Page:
For about five days now there has been a string of back and forth admonishments towards, as well as virtual pledges of allegiance to, Bill Maher because of yet another in an infinite string of purposefully inflammatory and “ambiguously” racist comments that he has made over the years.
But because Maher is aligned with so-called liberals and progressives, some of the most forward thinking black academics, comedians and entertainers have come out in support of Maher. Now, this is the very same Bill Maher that fellow comedian, entertainer and television host Wayne Brady had a major issue with after Maher was disrespectful and privilege-tainted enough to believe that he had more insight into what it was to be black than Brady – a darkskinned brother who grew up in the Compton, California in the 80s and early 90s.
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But that’s not the only time he flexed his sideways, slick talking in-the-name-of incendiary commentary. At one time, perhaps 15 years ago or so, I actually believed the hype that said Maher was an edgy comedian looking to push the boundaries of our collective comfort zone. But at some point I realized I wasn’t witnessing acerbic comedy for the sake of discourse but a narcissistic man who can’t see past his own hypocrisy and bigotry.
Currently the list of black personalities have come out in defense of Maher, as they understandably would, is filled “woke” black folks. Maher has spoken out against racists and conservatives throughout the duration of his career and has given valuable airtime to the some black folks that may not have gotten it elsewhere; Dr. Michael Eric Dyson, comedian D.L. Hughley, Dr. Cornell West and many others have been on the show. However, his overall history is littered with instances of his white privilege emanating from his every word like candlelight through a sheer curtain. Indeed, the veneer maybe that of a liberal but these following soundbytes might be a better indication of his true self than anything else he has said in favor of racial or gender equality.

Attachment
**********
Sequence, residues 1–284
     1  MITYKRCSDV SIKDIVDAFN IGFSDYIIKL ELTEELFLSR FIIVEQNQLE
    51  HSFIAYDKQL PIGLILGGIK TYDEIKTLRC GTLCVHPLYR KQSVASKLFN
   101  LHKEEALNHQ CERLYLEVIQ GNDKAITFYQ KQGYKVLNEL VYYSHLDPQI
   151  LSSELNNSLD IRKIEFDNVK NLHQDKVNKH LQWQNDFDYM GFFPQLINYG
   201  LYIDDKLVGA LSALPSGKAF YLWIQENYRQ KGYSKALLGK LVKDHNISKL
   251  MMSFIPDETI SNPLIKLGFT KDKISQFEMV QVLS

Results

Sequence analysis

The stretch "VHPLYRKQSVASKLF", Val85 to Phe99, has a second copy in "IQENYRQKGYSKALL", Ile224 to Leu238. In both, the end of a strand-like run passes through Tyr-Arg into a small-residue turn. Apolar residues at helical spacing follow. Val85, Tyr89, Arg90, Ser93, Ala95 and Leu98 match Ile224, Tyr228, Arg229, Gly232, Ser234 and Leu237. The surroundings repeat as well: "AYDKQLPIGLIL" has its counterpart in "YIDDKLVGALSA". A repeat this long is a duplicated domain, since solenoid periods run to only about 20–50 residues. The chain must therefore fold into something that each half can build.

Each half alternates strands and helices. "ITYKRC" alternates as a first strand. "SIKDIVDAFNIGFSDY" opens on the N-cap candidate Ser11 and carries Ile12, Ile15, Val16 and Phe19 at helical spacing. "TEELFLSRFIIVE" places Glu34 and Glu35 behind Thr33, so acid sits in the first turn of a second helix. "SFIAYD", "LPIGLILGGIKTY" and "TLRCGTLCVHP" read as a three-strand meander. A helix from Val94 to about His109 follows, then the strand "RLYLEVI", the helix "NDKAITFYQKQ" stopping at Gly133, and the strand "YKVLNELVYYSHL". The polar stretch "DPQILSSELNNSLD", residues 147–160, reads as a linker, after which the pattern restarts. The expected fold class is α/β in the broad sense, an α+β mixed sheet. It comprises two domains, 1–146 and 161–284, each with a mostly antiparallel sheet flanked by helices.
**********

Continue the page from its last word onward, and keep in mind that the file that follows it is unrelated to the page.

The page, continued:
Instances of severe Islamphobia and racism:
Since 9/11, Bill Maher has devoted himself to mainstreaming the toxic narrative of Islamophobia. With a captive audience of millions, the support of a major cable network, and a steady stream of celebrity guests, including no shortage of self-styled progressives, Maher has largely succeeded in his goal.
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Like many middle-aged white male liberals, Maher frequently vacillates back and forth between opposite poles while maintaining his allegiance to one. In this instances he claims liberalism, but his seemingly infinite number of sneak disses, overt lambasting of progressive ideas and straight up stereotypically white American viewpoints on race, religion and gender belies the political and societal position he claims to represent. Despite this, a slew of blacks have come to his defense.
As a numeric minority in the United States, African-Americans are uniquely disadvantaged on a number of fronts. When it comes to operating and excelling in the mainstream, be it in a business, governmental, entertainment or religious capacity, the pickings are slim as far as true allies are concerned. Those pickings are even slimmer when it comes to powerful allies.